How to Learn How to Program

Here’s a common question I see all the time when scouring my favourite forums: “how can I learn to program?”

20 to 30-odd years ago the answer was “go to school” or “buy a textbook + software and try it out”.  The development ecosystem has obviously changed then.  Developing software has permeated across various industries and the practice as a whole has become very easy to get into.  Almost everybody has access to a computer with the Internet.  Almost everybody can download piles upon piles of free software to use to get started and numerous guides.  With web and mobile applications being exceedingly popular, the tools to get started right at your fingertips, and the news of lucrative salaries and an ever-increasing shortage of quality developers, the idea of becoming a self-taught developer is very tantalizing.  The only real investment required now is your time.

With that being said, there are many resources out there that range from less-than-deal to just plain bad.  Software development bootcamps are terrible.  Sites like Codecademy and W3Schools, while helpful for learning syntax, don’t really teach you how to program.  Instructor-led courses ultimately leave you at the mercy of the course syllabus and the quality of the instructor.

I still believe that a very talented developer can be self-taught provided that they don’t circumvent the process.  Some people just want to learn how to make websites, so they’ll learn some basic HTML markup, some CSS, jQuery without ever actually learning Javascript, and probably use WordPress as their base to minimize the amount of PHP they really need.  I don’t think there’s anything wrong with that.  I think it’s a great gateway.  However, until you go back and fill in the gaps you’ll know how to build web software, but you won’t really know how to program.  This is a classic case of putting the cart before the horse and I see too many developers fall into this trap only to have it backfire on them when they start running into difficult problems.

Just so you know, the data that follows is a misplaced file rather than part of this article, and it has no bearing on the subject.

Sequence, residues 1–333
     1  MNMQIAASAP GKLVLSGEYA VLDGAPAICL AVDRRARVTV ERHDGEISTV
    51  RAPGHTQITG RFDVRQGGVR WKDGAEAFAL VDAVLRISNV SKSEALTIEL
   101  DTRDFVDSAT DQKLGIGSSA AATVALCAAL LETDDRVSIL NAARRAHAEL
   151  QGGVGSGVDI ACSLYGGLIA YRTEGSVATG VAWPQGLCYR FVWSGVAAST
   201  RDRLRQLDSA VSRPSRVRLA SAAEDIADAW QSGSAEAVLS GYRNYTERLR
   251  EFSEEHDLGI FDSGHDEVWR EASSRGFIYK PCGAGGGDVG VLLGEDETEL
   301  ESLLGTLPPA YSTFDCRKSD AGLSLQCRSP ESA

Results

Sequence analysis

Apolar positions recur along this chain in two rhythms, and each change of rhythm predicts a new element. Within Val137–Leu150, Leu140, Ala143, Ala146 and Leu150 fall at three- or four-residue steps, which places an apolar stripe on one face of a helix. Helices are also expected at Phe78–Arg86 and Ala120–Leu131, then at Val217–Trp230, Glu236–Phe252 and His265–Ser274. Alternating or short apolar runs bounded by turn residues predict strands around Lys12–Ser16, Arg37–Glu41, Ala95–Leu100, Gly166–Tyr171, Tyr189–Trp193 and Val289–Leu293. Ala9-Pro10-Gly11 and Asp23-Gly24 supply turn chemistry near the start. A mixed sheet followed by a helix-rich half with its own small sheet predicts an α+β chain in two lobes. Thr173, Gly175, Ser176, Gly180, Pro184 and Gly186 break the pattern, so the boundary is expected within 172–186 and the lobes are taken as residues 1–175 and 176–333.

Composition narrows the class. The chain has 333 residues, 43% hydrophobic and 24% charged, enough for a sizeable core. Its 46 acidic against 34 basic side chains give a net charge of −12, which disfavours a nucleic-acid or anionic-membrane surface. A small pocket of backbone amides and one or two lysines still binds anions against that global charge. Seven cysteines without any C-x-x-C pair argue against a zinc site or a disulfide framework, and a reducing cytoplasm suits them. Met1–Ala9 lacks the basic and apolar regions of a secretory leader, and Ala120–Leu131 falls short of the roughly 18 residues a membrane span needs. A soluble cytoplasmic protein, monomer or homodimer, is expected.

Perhaps one of the most important things you can do for yourself is to nail down your fundamental programming skills before you focus on building software.

Here’s my list of fundamental skills a “novice” developer needs before (s)he can start building things:

  1. First Language Syntax
  2. Variables and Functions
  3. I/O
  4. Flow Control
  5. Looping
  6. Recursion
  7. Data Structures/Algorithms
  8. Persistence
  9. (Optional) Object Oriented Programming

With these basic tenants down a programmer can theoretically build anything from scratch.  Assume you were developing in a world with NO frameworks, NO libraries, NO protocols, and NO markup languages or stylesheets.  This is everything you would need to get off the ground.  As they say, “to create an apple pie from scratch, you must first invent the universe”. Once you’ve got these fundamentals down, you can go invent the universe… if you want.

If you’re a sane person, you’ll look into things like frameworks, protocols, libraries, and whatever else you need.  If you want to move over to the web, you’re going to need HTML, CSS, Javascript, and likely a server-side language in addition to knowledge of HTTP.  That’s a protocol, a markup language, a stylesheet language, and two new languages (client side Javascript and server side whatever), most of which will require you to apply the same nine concepts above. Suppose you want to build a mobile app.  Chances are you may or may not be learning a new language for the app, and on top of that you’re learning whatever framework the provider offers.  You’ll be using that framework in conjunction with the nine tenants above to build whatever you need.  Want to build a videogame?  Chances are you’re learning a whole bunch of APIs and likely writing in C++, but you’re still applying the same nine tenants above.